Seeing Germany Through My Granddaughter’s Eyes

Seeing Germany Through My Granddaughter’s Eyes

My 24-year-old granddaughter, Nira, born and raised on a moshav in southern Israel, and now studying genetics in Raleigh, N.C., has for some time been asking to accompany me and discover my “roots” in Germany. I know her well enough to appreciate that she didn’t just want a “fun” trip, and so she came with me in June on what has become my annual visit to Reinheim, my hometown in Germany south of Frankfurt, in the state of Hessen, where I am an honorary citizen.

My father, Jacob, was an obstetrician in Reinheim, much loved for his work, and some years ago the town dedicated a kindergarten in his memory.
I’ve been traveling to Europe every year for the last 15 years, and on 11 of those trips I went to Reinheim to give away a scholarship that the municipality awards every year in my name to researchers who engage themselves with questions of racism and human dignity in the context of German-Jewish relations. The 5,000-euro prize ($6,250) is awarded annually to a recipient of my choice.

Mayor Karl Hartmann of Reinheim initiated it, the city council approved, and some good work on the issue has been done both in historical research and by journalists on Germany’s leading newspaper.

Though she does not speak German, Nira was excited to take in the event, with more than 100 locals in attendance. It allowed her to see her grandfather recognized for contributing to knowledge important to Jews and Germans in the field of human relations. (The musical interludes in the program were performed by a Russian-Jewish immigrant.)

More sobering was Nira’s presence in Frankfurt at the site of the placement of a “Stolperstein” (a stone memorial on the sidewalk where a Jew became a victim of the Nazis). This memorial marked the spot where, in 1935, we found the body of my grandmother Hilda, who committed suicide in the wake of harassments our family had suffered in Reinheim. My father, the doctor who had delivered a whole generation of babies, was the target of the local Nazis, even before Hitler had seized power. As a result, Oma Hilda suffered a deep depression, which led her to jump from the fifth floor of the home we had moved to in hopes of fitting in to Frankfurt’s large Jewish community.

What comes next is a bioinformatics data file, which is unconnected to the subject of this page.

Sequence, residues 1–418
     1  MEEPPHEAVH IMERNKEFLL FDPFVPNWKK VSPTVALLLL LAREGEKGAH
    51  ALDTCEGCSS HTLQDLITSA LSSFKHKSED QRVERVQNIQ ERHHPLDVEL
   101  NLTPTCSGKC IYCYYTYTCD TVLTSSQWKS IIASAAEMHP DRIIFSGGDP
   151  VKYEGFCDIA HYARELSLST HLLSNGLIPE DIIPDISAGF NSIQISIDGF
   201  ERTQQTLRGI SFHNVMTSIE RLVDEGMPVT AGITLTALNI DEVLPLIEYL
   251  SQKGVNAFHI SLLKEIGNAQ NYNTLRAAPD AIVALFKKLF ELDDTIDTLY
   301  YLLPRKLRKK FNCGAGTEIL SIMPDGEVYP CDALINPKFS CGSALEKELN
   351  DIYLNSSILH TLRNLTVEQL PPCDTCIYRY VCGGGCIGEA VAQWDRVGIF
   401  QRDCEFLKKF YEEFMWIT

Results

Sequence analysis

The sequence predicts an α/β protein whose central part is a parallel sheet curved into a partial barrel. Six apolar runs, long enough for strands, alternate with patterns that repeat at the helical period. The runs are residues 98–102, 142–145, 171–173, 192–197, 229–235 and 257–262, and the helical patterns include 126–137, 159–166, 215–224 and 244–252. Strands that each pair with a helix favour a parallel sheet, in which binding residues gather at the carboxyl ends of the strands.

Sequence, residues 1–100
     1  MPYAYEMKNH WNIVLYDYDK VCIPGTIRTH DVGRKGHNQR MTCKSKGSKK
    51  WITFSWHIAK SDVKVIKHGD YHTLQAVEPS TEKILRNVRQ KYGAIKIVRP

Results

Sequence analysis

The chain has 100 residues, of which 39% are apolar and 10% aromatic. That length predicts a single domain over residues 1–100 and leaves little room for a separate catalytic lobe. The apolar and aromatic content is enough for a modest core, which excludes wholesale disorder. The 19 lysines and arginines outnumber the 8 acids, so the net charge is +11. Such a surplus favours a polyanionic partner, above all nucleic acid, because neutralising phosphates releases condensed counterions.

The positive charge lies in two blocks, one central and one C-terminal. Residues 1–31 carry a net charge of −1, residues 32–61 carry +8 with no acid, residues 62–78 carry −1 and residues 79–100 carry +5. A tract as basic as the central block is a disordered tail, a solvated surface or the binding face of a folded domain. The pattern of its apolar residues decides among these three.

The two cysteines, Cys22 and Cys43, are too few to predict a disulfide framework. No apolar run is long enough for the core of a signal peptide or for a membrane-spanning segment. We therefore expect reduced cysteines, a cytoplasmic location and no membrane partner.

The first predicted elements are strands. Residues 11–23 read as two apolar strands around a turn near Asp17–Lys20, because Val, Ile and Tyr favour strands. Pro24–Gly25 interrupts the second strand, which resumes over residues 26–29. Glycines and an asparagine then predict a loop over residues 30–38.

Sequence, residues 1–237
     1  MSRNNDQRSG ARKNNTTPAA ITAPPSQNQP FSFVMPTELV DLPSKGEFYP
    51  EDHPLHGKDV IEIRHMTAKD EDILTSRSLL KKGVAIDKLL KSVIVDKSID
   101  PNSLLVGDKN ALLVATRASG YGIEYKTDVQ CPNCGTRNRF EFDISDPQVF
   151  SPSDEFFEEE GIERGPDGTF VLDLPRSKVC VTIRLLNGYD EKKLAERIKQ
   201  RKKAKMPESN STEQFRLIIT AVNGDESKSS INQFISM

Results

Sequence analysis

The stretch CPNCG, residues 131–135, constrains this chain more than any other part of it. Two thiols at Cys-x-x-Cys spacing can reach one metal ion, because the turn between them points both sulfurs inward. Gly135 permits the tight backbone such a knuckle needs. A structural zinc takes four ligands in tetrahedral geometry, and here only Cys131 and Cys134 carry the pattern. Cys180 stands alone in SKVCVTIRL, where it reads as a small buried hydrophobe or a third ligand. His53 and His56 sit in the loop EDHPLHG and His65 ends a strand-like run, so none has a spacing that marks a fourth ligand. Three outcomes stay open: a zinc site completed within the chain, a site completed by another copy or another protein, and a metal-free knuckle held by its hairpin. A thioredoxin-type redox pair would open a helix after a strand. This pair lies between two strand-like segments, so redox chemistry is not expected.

The custom of the Stolperstein has become a well-known one in Germany, sustained by citizen volunteers. The stones are placed in a hole dug for new stone — always on the sidewalk where Jews died. German friends of mine decided to honor my grandmother by placing a stone with her name, birth and death dates. The idea is that passers-by should, if not literally stumble (stolpern), at least become aware of one of the six million Jewish victims of the Nazis.

Nira and I visited the house at Darmstaedter Strasse 16 where my mother had also been born and my father practiced from 1912 until 1933 (with the exception of the four years he served his country on the western front in World War I). Built by my great-grandfather in 1876, the house had recently been renovated by the family who bought it from the previous owner. Moreover, it has been given landmark status, and a plaque naming three generations of our family was placed on the front of the building.

Nira now was indeed discovering my roots. The new owners, conscious of the past of their Reinheim home, had found a folder in which documents of my grandfather’s grain business of the year 1914 were neatly kept. She eagerly climbed the stairs to the top floor to inspect by boyhood bedroom.
This was as much an experience for me as for her, and if possible I’d like to repeat this adventure with Nira’s twin sister and our three other grandchildren. Is there time? Is there enough interest? We’ll see.

So often I hear from fellow refugees, “Germany? No, I won’t set foot there.”

I worked in Europe for two years in the 1980s, stationed in Paris for the Anti-Defamation League. And the truth is that nowhere could I accomplish more than in Germany, not despite but because of what began there seven decades ago.

Robert B. Goldmann specializes in European-Jewish relations, and worked for the Ford Foundation and the Anti-Defamation League

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